“I was very unlucky,” said he. “I wanted to get near you last night, but it was quite impossible. You were so busy talking to Mr. Watson, until Sir Charles Morton came and carried you off—with such an air of authority! Have you known him long?”

Now, this was not at all the manner in which Roger had predetermined that he would speak of Sir Charles to Molly; but the words came out in spite of himself.

“No! not long. I never saw him before I came here— on Tuesday. But Lady Harriet told him to see that I did not get tired, for I wanted to come down; but you know I have not been strong. He is a cousin of Lady Harriet’s, and does all she tells him to do.”

“Oh! he’s not handsome; but I believe he’s a very sensible man.”

“Yes! I should think so. He is so silent, though, that I can hardly judge.”

“He bears a very high character in the county,” said Roger, willing now to give him his full due.

Molly stood up.

“I must go upstairs,” she said; “I only sate down here for a minute or two, because Lady Harriet bade me.”

“Stop a little longer,” said he. “This is really the pleasantest place; this basin of water-lilies gives one the idea, if not the sensation, of coolness; besides—it seems so long since I saw you, and I’ve a message from my father to give you. He is very angry with you.”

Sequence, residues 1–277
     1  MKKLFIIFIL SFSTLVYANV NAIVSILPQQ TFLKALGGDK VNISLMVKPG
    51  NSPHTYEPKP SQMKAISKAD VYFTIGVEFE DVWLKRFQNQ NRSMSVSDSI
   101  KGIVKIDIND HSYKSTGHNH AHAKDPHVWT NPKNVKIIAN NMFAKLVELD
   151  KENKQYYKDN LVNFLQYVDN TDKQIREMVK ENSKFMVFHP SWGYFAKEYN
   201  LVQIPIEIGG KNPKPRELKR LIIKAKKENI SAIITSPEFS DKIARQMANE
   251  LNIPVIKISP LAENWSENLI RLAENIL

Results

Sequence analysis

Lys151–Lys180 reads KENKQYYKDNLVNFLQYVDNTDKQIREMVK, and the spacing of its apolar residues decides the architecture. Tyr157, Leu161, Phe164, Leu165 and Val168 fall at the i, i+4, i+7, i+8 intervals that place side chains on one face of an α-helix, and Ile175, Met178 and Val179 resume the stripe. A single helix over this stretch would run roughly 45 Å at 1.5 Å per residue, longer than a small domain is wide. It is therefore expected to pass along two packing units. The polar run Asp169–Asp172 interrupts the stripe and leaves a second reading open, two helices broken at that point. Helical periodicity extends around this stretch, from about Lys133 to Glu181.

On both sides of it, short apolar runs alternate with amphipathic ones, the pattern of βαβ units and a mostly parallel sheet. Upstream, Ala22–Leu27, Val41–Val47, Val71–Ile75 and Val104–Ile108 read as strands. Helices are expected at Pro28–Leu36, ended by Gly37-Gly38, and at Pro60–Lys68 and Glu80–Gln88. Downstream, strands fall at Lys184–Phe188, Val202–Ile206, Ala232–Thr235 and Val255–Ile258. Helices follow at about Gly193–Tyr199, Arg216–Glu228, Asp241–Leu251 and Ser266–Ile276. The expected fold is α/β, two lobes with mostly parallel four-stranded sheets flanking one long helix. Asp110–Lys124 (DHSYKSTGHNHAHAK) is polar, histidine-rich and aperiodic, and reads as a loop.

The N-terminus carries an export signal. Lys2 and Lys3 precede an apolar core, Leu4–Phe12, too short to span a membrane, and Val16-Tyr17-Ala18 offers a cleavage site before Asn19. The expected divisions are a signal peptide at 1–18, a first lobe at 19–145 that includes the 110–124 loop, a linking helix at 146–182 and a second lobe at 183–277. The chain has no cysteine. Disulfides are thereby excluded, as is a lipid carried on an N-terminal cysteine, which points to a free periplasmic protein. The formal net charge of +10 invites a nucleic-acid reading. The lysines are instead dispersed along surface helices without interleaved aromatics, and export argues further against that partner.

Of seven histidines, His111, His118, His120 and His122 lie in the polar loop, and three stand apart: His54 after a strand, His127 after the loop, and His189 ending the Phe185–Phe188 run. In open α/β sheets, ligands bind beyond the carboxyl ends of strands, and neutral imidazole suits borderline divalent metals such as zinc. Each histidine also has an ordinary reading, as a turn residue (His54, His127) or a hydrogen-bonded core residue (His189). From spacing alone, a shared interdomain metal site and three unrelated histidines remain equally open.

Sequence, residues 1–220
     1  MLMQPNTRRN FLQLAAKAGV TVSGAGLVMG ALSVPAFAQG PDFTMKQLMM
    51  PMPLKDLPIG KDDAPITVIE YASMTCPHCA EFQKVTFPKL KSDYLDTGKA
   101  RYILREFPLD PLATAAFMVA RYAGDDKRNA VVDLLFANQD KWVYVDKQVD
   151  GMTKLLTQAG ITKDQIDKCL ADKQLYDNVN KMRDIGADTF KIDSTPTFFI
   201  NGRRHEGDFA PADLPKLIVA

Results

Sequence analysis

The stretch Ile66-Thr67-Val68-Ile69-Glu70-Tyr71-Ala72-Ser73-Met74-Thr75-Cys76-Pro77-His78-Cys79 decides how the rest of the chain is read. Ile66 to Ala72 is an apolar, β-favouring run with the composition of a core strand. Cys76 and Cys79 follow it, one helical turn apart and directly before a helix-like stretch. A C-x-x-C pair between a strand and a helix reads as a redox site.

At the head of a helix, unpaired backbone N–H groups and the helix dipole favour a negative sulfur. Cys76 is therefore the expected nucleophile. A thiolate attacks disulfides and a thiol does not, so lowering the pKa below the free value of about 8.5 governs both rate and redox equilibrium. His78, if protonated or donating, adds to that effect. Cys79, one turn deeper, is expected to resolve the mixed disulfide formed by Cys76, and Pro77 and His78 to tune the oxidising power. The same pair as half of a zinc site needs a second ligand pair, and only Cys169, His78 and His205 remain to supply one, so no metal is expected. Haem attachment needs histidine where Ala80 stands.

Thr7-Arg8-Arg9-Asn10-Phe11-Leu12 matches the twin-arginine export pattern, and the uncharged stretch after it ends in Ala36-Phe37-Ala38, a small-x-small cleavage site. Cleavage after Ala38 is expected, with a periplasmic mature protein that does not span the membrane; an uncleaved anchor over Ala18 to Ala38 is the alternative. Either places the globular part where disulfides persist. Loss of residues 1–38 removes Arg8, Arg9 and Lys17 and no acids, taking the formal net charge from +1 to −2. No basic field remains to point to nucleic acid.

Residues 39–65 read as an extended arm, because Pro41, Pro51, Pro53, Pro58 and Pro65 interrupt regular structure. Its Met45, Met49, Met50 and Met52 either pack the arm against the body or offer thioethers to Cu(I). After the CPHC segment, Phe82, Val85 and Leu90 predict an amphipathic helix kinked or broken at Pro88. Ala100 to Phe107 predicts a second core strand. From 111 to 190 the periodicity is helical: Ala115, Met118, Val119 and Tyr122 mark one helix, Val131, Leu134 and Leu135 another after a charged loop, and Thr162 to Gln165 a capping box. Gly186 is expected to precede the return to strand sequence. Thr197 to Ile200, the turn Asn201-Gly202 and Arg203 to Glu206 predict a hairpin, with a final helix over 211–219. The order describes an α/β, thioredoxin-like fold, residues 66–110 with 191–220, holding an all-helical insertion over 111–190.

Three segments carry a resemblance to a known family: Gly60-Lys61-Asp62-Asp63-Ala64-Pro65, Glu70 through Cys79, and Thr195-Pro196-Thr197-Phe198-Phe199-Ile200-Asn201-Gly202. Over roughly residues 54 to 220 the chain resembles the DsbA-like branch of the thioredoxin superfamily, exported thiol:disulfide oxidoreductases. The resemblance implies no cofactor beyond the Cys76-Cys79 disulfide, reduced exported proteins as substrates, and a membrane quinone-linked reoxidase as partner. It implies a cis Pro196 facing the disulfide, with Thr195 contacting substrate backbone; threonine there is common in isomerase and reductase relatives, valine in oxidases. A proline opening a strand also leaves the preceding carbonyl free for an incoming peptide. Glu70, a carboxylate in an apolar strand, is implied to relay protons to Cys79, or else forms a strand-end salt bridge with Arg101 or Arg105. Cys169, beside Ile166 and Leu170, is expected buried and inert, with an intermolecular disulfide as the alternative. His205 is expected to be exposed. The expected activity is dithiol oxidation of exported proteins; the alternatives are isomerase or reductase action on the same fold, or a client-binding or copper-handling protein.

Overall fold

“Angry with me!” said Molly in surprise.

“Yes! He heard that you had come here for change of air; and he was offended that you hadn’t come to us—to the Hall, instead. He said that you should have remembered old friends!”

Molly took all this quite gravely, and did not at first notice the smile on his face.

“Oh! I am so sorry,” said she. “But will you please tell him how it all happened? Lady Harriet called the very day when it was settled that I was not to go to”— Cynthia’s wedding, she was going to add, but she suddenly stopped short, and, blushing deeply, changed the expression —“go to London, and she planned it all in a minute, and convinced mamma and papa, and had her own way. There was really no resisting her.”

“I think you will have to tell all this to my father yourself, if you mean to make your peace. Why can you not come on to the Hall when you leave the Towers?”

To go in the cool manner suggested from one house to another, after the manner of a royal progress, was not at all according to Molly’s primitive home-keeping notions. She made answer—

“I should like it very much, some time. But I must go home first. They will want me more than ever now”—

Again she felt herself touching on a sore subject, and stopped short. Roger became annoyed at her so constantly conjecturing what he must be feeling on the subject of Cynthia’s marriage. With sympathetic perception, she had discerned that the idea must give him pain; and perhaps she also knew that he would dislike to show the pain; but she had not the presence of mind or ready wit to give a skilful turn to the conversation. All this annoyed Roger, he could hardly tell why. He determined to take the metaphorical bull by the horns. Until that was done, his footing with Molly would always be insecure; as it always is between two friends, who mutually avoid a subject to which their thoughts perpetually recur.

  By PanEris using Melati.

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